Resolutions Schmesolutions

Well folks, the holidays are over. We are all back to work and back to reality, which means buckling down on all the responsibilities and duties we let slide while we ate turkey, opened presents, and got inappropriately drunk at awkward family functions.

For me personally, 2012 started brilliantly – I rang in the new year at Harry Potter’s Wizarding World at Universal Studios Islands of Adventure in Orlando. It was completely different than any other NYE I’ve experienced since my early college years in that the plan wasn’t to drink heavily in a fancy dress somewhere crowded. This year instead the plan was to cheers to 2012 with a mug of butterbeer outside the Three Broomsticks with my girlfriend and her 13-year-old nephew. And guess what? It was my best New Years Eve ever!

And, this year I also decided to do a 180 on another tradition I always have embraced – creating new years resolutions.

That’s right. You heard me. The ultimate over-planning, list-making, goal-setting, schedule-making, obsessed-with-being-productive freak has decided not to make any resolutions this year. Or you could say that my resolution is not make resolutions. Either way, this year I won’t be making my usual detailed spreadsheet outlining dozens of resolutions designed for bettering myself that I ultimately never meet, leading me to beat myself up for never living up to my potential.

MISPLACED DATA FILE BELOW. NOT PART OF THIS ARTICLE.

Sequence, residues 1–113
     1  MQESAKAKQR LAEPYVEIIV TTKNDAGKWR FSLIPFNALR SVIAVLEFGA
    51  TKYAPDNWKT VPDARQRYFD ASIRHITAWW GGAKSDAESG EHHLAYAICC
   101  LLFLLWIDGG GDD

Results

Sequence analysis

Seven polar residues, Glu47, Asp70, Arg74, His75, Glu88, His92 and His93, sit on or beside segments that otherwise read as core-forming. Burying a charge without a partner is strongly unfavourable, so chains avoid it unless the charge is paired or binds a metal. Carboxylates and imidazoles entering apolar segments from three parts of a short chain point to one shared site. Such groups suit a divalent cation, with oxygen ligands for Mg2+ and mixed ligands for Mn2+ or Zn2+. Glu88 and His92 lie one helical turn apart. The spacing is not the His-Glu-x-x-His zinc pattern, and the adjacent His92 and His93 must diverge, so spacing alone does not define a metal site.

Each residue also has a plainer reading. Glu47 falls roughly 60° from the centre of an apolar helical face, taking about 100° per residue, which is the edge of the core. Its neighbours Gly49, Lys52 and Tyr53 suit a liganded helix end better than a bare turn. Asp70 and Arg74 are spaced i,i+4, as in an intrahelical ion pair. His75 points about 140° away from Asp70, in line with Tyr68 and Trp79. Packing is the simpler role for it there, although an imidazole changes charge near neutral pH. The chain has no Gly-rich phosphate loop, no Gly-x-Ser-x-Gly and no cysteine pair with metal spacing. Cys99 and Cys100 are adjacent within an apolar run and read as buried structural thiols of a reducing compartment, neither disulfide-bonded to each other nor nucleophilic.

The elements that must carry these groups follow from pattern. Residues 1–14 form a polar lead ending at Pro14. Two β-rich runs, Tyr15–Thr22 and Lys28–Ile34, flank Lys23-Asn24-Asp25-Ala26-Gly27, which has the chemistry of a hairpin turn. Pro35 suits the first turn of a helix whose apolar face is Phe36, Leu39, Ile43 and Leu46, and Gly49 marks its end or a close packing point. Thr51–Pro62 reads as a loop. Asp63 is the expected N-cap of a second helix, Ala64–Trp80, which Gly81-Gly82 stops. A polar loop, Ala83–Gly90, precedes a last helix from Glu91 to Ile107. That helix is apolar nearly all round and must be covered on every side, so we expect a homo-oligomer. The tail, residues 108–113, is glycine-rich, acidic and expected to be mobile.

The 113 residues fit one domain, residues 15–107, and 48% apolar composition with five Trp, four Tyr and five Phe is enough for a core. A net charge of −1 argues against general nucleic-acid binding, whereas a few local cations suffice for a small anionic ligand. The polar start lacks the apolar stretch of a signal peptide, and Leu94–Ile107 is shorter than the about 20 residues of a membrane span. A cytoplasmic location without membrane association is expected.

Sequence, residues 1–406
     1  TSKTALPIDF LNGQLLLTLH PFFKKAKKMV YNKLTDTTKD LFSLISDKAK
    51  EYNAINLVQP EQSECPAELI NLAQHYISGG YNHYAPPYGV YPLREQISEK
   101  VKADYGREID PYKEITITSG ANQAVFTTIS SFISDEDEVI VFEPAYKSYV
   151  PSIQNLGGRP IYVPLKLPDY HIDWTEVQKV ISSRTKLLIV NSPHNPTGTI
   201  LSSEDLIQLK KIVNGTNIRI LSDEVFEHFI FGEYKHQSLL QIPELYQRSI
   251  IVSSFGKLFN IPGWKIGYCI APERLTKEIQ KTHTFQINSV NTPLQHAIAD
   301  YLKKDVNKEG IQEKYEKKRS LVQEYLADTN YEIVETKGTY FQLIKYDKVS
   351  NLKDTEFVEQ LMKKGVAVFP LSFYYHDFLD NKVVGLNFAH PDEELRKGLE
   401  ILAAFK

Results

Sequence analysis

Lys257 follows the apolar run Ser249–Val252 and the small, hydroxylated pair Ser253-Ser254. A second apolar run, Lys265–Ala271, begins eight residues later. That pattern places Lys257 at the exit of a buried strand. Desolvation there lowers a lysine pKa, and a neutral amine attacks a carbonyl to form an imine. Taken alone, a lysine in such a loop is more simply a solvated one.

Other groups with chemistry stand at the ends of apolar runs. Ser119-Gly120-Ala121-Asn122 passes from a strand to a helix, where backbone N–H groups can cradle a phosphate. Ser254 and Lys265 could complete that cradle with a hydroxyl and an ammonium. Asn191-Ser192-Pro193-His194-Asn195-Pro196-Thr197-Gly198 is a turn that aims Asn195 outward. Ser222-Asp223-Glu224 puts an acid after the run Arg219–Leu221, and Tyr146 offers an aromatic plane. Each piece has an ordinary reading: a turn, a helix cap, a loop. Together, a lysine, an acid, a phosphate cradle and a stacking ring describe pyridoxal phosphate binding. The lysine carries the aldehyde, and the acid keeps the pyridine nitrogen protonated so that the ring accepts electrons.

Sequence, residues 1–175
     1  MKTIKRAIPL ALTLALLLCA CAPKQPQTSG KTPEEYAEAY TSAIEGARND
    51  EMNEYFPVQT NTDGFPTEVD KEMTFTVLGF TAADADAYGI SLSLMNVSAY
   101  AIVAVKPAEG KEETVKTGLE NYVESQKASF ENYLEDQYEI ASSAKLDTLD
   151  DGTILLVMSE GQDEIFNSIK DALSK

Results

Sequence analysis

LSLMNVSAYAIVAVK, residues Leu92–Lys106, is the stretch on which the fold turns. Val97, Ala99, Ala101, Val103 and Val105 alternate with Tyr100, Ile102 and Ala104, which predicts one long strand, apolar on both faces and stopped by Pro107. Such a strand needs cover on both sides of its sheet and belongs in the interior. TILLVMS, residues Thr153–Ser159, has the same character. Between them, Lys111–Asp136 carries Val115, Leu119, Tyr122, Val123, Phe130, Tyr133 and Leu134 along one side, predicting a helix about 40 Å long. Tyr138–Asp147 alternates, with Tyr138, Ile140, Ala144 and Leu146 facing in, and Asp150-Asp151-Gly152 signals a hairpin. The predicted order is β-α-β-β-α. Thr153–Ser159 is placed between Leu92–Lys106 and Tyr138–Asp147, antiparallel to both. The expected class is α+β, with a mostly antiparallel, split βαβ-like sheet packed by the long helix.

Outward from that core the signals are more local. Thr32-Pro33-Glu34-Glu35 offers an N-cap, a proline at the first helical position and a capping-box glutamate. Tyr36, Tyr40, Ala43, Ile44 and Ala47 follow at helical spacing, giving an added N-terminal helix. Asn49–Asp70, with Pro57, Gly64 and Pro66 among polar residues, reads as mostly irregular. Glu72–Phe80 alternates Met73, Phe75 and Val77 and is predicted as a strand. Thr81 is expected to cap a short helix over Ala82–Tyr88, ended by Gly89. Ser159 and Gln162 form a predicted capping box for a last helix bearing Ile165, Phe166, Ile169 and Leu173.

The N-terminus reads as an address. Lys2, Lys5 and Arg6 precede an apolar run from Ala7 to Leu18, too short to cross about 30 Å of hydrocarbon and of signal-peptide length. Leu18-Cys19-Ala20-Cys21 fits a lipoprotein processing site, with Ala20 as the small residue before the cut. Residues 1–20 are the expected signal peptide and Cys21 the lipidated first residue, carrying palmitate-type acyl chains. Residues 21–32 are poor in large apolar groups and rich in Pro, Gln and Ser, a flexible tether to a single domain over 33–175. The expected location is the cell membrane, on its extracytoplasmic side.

This year, I’m trying something different. I’ve decided that 2012 is the year of the anti-resolution.

In the last year one of the major revelations I’ve had regarding myself is that I spend much more time planning than actually doing. I make lists and set goals all the time, and 99% of the time I tend to over estimate the amount of time I’ll have to do it. For example, I’ll plan to write half of a chapter on my novel one weeknight after work (among other chores) but when I get home from work, mentally exhausted, hungry and tired, the idea of sitting down and writing that much in one evening is so overwhelming that I’ll put off doing it until it is so late I need to get to sleep. The negativity that follows not finishing everything on my to do list causes me to be even less productive because I feel imperfect and frustrated.

So this year, I’ve resolved to not make plans and instead, just do things. Allow myself to do what I can, when I can.  Instead of saying tonight I’ll write a this much, I’ll just sit down when I get home, force myself to open the document and start writing without thinking about reaching a distant goal. Usually once I get into the groove I’m able to output quite a lot, and I certainly enjoy it more if I’m just writing without trying to reach a daily quota. Instead of saying I’ll read a book in two weeks, I’ll just pick it up and start going and I’ll finish it when I finish it. And I am not going to focus on things being perfect, I’m going to focus on things getting done.

I think this shift in mindset is especially important this year, a year that will be a major crossroads for me. The show that I have been working on for over 3 years has made some major changes, which may involve me moving across the country. It is likely that I will be starting a new job or taking time off to write full time after I am finished with this season, and that may mean moving to Florida or even somewhere else. I’m not sure where I’ll be in 6 months and I definitely have no idea where I will be in a year, and I think that focusing on accomplishing things when I can versus overloading myself with unattainable goals will help me adapt to the major changes that I most certainly will be facing this year.